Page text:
To all of you who know someone who is fighting this dreadful disease, know someone who has passed on, or may even be fighting this battle yourself... I hope you find some comfort here at this site, whether it be an article, a link, or even a picture. My heart is with you, for I have lost my dear sister Janel who was only 42 at her passing October 26th, 2009. This young woman never drank alcohol or smoked a day in her life. She was a third degree brown belt in karate and only lived for three days following her diagnosis. I encourage everyone to support research and funding for this silent killer.

Monday, April 16, 2012

Rules for Being Human

Angels are everywhere if you only stop to notice. Sometimes, they even let you in on a few secrets.

Stone angel

Happiness consists of being perfectly satisfied with what we have, not with what we have achieved.

Rules for Being Human:

You may like it or hate it, but it will be yours for the entire period, at least this time around.

You are enrolled in a full time informal school called life. Each day in this school you will have the opportunity to learn lessons. You may like the lessons or think them irrelevant and stupid.

Growth is a process of trial and error, experimentation. The “failed” experiment is as much a part of the process as the experiment that ultimately “worked”.

A lesson will be presented to you in various forms until you have learned it. When you have learned it, you can then go on to the next lesson.

There is no part of life that does not contain it’s lessons. If you are alive, there are lessons to be learned.

When your “there” has become a “here”, you will simply obtain another “there” that will again, look better than “here”

You cannot love or hate something about another person unless it reflects to you something you love or hate about yourself.

You have all the tools and resources you need. What you do with them is up to you. The choice is yours.

The answers to life’s questions lie inside you. All you need to do is look, listen and trust.

Unless you consistently stay focused on the goals you have set for yourself, everything that you have read won’t mean a thing.

— Anonymous Message from an Anonymous Angel

Monday, March 5, 2012

Care That Never Quits...

Pancreatic Cancer Prognosis

To Learn More About This Topic: Chat with Us | Email Us

Over Five Years Later:
A Survivor’s Story

When pancreatic cancer survivor Peggy was told there was no hope, she refused to give up and came to CTCA.
Conventional wisdom often says that the pancreatic cancer prognosis is not a good one. Conventional wisdom also says that cancer can't often be beaten, but we at Cancer Treatment Centers of America know that conventional wisdom can be wrong.
When your doctor gave you the initial pancreatic cancer prognosis, it may have erred on the side of caution. No one wants to give false hope, yet no one wants you to walk away from your initial pancreatic cancer prognosis feeling that there is no need to do anything further. Yes, the pancreatic cancer prognosis may be serious, however, the pancreatic cancer prognosis is not without hope.
At Cancer Treatment Centers of America one of the most valuable things we can give people who are dealing with a less than optimistic pancreatic cancer prognosis is hope. Call 800-487-3526 or click here to chat with on Oncology Information Specialist online about your pancreatic cancer prognosis. We can start you on the road to more effectively dealing with your pancreatic cancer prognosis.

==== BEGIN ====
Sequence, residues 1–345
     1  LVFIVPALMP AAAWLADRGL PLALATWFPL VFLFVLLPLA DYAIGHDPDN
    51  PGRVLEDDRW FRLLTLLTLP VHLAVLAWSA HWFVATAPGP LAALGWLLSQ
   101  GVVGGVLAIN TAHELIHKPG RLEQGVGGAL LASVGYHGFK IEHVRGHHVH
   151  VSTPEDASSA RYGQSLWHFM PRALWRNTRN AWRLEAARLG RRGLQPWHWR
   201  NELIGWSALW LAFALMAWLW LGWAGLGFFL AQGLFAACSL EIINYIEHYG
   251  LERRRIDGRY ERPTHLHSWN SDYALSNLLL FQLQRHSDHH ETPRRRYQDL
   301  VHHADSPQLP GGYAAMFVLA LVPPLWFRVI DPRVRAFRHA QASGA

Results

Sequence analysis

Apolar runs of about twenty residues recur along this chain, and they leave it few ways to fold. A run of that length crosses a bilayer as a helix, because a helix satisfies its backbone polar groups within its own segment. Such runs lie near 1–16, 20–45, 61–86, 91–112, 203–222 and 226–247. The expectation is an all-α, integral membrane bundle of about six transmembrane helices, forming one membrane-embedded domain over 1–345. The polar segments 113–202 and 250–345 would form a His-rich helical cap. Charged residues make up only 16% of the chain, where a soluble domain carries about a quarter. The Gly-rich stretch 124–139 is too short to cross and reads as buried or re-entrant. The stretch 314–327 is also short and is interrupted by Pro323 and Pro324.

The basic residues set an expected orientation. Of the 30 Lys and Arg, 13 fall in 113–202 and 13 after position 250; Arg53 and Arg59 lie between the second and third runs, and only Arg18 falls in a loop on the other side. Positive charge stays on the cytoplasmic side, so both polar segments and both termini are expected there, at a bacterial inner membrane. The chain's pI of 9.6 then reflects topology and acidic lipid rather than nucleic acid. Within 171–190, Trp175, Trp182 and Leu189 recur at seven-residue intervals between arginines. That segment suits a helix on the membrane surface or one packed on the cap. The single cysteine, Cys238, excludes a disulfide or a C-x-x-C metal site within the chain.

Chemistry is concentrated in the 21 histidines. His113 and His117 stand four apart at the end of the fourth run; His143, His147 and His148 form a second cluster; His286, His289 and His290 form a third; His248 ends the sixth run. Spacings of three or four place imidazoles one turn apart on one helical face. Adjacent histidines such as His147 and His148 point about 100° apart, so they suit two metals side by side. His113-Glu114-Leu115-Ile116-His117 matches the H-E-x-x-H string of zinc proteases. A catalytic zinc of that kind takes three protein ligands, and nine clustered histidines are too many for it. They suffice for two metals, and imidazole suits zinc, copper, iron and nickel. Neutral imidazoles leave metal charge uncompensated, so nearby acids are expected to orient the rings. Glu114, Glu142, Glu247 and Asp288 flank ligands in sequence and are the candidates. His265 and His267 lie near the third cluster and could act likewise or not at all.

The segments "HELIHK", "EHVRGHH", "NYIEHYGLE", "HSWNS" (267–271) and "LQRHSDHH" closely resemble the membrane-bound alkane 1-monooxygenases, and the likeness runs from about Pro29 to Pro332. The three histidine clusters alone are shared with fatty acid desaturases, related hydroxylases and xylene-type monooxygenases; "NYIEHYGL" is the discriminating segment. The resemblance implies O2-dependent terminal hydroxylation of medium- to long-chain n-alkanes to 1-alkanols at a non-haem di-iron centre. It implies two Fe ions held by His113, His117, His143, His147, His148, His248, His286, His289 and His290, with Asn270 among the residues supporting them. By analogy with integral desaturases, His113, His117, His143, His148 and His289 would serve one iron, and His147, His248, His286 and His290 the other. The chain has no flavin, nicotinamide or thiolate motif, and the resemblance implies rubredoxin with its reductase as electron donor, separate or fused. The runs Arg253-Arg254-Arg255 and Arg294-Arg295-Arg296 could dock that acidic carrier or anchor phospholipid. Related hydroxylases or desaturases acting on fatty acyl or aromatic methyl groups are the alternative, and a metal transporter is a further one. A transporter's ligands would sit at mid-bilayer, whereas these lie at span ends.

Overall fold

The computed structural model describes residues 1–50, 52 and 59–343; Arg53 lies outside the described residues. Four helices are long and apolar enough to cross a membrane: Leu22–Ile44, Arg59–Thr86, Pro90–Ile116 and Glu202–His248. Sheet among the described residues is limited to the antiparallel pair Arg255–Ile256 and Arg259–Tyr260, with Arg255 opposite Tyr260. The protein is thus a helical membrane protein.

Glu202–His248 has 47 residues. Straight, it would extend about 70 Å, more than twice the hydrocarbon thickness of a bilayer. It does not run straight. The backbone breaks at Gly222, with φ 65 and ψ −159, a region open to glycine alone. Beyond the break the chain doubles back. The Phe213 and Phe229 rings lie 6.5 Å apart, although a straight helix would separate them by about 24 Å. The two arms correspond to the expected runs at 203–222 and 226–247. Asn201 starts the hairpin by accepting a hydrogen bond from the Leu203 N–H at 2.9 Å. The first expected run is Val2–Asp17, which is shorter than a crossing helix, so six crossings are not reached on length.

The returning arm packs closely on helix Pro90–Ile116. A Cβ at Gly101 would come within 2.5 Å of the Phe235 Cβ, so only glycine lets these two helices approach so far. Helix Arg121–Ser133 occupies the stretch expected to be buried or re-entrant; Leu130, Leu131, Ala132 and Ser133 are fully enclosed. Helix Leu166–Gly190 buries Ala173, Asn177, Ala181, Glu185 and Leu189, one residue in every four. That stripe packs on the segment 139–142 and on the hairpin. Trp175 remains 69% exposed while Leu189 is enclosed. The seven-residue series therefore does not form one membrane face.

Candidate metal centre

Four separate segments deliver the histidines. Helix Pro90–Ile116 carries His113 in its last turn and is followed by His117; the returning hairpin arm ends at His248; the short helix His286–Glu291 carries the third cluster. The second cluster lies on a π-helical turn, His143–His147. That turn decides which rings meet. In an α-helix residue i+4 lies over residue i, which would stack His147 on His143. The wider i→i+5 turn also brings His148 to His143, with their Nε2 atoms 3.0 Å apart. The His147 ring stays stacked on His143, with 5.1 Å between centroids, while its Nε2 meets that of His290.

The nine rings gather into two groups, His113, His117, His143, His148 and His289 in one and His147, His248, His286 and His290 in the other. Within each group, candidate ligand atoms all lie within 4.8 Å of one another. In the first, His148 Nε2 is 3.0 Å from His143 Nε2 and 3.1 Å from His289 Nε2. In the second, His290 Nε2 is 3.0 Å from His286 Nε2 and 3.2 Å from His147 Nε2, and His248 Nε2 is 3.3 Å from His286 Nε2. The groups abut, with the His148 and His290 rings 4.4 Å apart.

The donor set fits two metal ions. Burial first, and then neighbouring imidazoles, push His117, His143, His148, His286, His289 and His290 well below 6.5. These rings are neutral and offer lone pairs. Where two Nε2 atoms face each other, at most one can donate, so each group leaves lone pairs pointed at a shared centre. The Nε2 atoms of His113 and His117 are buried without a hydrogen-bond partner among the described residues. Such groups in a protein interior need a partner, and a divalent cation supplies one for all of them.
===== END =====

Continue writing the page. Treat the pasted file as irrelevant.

Pancreatic Cancer Prognosis: There is Hope

When you first received your pancreatic cancer prognosis, you most likely had a lot of questions. Some were as basic as "Will I survive?", others may have dealt with best treatment options, post treatment care, and life after treatment. At Cancer Treatment Centers of America we've dealt with all those questions and more. We are dedicated to giving you the most optimistic pancreatic cancer prognosis possible. We won't give you false hope, but we will give you hope. Hope that your initial pancreatic cancer prognosis can become brighter. Hope that your pancreatic cancer prognosis doesn't mean an end to life as you know it. Hope that, working together, we can find ways to bring health and healing to your initial pancreatic cancer prognosis.
Call 800-487-3526 and speak with an Oncology Information Specialist today. Healing and hope may be as close as a phone call. Your initial pancreatic cancer prognosis was not written in stone. You may have the power to change that prognosis for pancreatic cancer. Cancer Treatment Centers of America is ready to be your partner in making that change.

What do you say to someone who is dying?

Talking to someone who is dying can be very uncomfortable. It can be so uncomfortable people often avoid, or want to avoid, visiting or talking with a dying person. People often state they “just don’t know what to say.”

It is understandable we are at a loss for words around someone who is dying. We never wrote essays in school about talking to a dying person and dinner conversations don’t routinely cover this subject. It is especially difficult to find words when we are experiencing intense feelings of sadness and impending loss. We may only see their failing body, declining health, and vanishing spirit while losing sight of the fact a dying person is more than their death. Finding words in this painful situation necessitates a broader perspective than the moment we are in.

At any point in time a human being is a composite of their past, present and future.

Relating to people successfully includes referencing all three of these dimensions.